Vietnam aspires to become a more liberal economy that adapts better to the market from a centralized, planned economy. I think there is no other way than to learn from those who have succeeded: Korea, Singapore and Poland. We must drastically reduce the number of unqualified people in the state apparatus and keep only the best and most motivated, and double or triple their salaries. Currently, Vietnam is like a horse that must carry a heavy burden, and you wonder why it only runs at 30km/h, yet it is a good horse. Remove his burden, and he will be twice as fast. I am convinced that in 10-15 years, Vietnam could catch Singapore and other developed countries, provided you redouble efforts to move forward, not just maintaining the current level.
I became a child
For four years, I have been a Vietnamese who travels by motorbike. At every red light, I turn left to right to greet passers-by. Men make comments on the mechanics of the bike, encouraging women and children to smile and say hello to me, "ông Thụy Sĩ" (a Swiss man). My family has traveled to 35 provinces. My 16-year-old son is studying here. With my wife, we used all of his vacation to travel in Vietnam. This country is a subcontinent. In the north, you have mountains that resemble the Swiss Alps, the Red River Delta, plains, hills, and forests. The southern region has the Mekong Delta, which is perhaps the most fertile land in the world, with three harvests per year. You have caves, beautiful islands. We probably had our best experience in Cuc Phuong National Park, where we walked 16km of virgin forest for three and a half hours. I do not forget Cat Tien National Park, Phu Quoc, Con Dao, Ha Long Bay and Tam Coc-Bich Dong (in Ninh Binh Province). It's a dream! You might be in a bad mood when you arrive there because you have too much work, but all this fades away after only an hour. It is medicine! In Vietnam, I became a child fascinated by the discovery.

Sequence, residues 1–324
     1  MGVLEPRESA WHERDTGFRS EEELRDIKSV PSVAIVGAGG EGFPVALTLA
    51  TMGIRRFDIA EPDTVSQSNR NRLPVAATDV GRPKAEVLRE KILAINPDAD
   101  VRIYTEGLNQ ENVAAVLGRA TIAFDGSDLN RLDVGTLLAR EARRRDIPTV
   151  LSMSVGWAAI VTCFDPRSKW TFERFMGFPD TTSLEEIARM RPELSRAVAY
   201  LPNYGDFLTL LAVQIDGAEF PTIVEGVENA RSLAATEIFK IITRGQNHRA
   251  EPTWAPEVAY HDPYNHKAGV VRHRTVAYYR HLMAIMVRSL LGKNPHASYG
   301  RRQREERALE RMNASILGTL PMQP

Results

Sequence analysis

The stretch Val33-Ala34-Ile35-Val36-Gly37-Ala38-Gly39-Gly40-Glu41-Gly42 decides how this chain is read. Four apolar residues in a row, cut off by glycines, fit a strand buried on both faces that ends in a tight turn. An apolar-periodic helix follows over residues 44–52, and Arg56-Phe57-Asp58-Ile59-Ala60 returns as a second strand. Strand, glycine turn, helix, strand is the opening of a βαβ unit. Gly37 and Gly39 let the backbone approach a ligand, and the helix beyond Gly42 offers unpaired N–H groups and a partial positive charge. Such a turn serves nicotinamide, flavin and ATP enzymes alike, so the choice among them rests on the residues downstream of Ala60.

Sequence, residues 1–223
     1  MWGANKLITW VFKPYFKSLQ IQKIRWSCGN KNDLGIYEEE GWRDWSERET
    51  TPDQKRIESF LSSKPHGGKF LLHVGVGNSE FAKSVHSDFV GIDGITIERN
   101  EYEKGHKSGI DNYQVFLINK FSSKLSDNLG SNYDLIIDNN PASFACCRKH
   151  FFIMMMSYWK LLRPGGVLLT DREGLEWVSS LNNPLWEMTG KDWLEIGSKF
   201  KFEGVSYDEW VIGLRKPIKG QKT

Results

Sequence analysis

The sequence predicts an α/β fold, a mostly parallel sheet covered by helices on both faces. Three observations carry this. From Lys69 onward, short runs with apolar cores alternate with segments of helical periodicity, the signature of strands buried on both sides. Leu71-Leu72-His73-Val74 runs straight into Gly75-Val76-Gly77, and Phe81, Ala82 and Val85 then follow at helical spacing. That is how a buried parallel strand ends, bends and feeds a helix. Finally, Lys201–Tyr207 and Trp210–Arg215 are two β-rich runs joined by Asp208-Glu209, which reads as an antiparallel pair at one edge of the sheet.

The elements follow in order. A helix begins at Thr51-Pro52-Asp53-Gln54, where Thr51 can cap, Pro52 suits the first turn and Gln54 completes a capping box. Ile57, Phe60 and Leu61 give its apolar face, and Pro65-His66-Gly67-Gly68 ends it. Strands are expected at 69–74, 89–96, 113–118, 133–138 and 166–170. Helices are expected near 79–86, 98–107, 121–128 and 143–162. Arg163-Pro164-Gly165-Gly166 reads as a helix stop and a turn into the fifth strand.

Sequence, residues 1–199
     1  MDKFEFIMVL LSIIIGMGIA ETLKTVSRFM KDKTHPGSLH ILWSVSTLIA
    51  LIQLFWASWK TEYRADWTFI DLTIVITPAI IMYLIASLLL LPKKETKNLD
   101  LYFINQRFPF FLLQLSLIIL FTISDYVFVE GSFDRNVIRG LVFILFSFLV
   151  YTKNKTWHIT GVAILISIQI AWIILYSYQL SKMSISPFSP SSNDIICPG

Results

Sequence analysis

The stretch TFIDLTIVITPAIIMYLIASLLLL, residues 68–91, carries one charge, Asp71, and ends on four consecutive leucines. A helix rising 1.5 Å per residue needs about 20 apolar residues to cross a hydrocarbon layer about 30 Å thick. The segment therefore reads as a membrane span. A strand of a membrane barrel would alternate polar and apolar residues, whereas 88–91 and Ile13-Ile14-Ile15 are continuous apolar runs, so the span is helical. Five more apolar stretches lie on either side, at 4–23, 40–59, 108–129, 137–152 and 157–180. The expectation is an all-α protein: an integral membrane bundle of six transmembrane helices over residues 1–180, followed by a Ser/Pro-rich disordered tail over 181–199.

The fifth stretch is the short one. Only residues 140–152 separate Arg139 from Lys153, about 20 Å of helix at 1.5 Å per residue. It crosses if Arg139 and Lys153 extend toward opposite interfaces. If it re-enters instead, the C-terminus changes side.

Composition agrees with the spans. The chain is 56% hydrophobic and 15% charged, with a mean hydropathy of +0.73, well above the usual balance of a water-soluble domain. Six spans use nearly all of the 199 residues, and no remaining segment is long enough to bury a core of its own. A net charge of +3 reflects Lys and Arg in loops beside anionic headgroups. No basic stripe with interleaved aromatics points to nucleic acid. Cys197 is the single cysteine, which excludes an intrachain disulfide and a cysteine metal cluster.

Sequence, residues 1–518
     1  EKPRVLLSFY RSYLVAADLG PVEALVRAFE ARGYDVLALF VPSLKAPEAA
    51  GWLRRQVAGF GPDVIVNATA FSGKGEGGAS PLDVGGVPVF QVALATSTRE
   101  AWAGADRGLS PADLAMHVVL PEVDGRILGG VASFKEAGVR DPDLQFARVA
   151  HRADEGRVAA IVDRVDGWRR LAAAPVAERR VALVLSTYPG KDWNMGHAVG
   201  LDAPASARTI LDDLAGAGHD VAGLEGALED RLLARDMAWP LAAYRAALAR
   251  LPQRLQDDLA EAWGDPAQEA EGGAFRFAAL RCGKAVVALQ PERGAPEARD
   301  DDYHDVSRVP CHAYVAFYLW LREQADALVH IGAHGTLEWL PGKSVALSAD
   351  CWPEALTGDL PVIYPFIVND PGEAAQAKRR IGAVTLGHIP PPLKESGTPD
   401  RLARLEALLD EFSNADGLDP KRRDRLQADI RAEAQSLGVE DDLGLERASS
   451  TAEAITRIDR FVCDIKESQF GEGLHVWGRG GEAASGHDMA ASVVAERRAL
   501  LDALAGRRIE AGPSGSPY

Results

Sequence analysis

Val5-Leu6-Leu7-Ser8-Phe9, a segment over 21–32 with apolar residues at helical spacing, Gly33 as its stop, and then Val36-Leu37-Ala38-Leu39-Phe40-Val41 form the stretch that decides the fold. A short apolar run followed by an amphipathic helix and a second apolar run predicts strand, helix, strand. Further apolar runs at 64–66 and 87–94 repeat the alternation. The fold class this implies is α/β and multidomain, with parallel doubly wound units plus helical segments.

I have great admiration for Vietnamese women. When I see them working in the fields, transporting their children to school before going shopping and going to work, I think that may be because this country has experienced so many wars, men were at the front all the time, so women have become entrepreneurs everywhere. Once I watched a street sweeper work for a long time. I felt like she put her heart into her work, as she looked happy. Nowhere else have I seen sweepers who work with as much dignity.
The Vietnamese are a strong people, without rancor. You don’t forget but you do not want to mention again the suffering of the past. I believe that Senators John McCain and John Kerry were deeply impressed by the welcome that people reserved for them. I have been all over this country, and everywhere, we smiled. This makes me remember that physically, except that I am 185cm tall and that I have a reddish face and a large nose, I am totally Vietnamese.
When I arrived here, I saw in the garden of my residence on Dien Bien Phu Street in Hanoi a bronze bust. I did not know it was Alexandre Yersin, who had found the plague bacillus. With all that I have lived through in Vietnam and learned from his life, I understood why he had chosen the country as his last home. And that dream of Dr. Yersin, which can be considered a human bridge between Europe and Asia, is completed. I asked the president of the Socialist Republic of Vietnam, Truong Tan Sang, to consider and grant "honorary Vietnamese nationality" to Alexandre Yersin.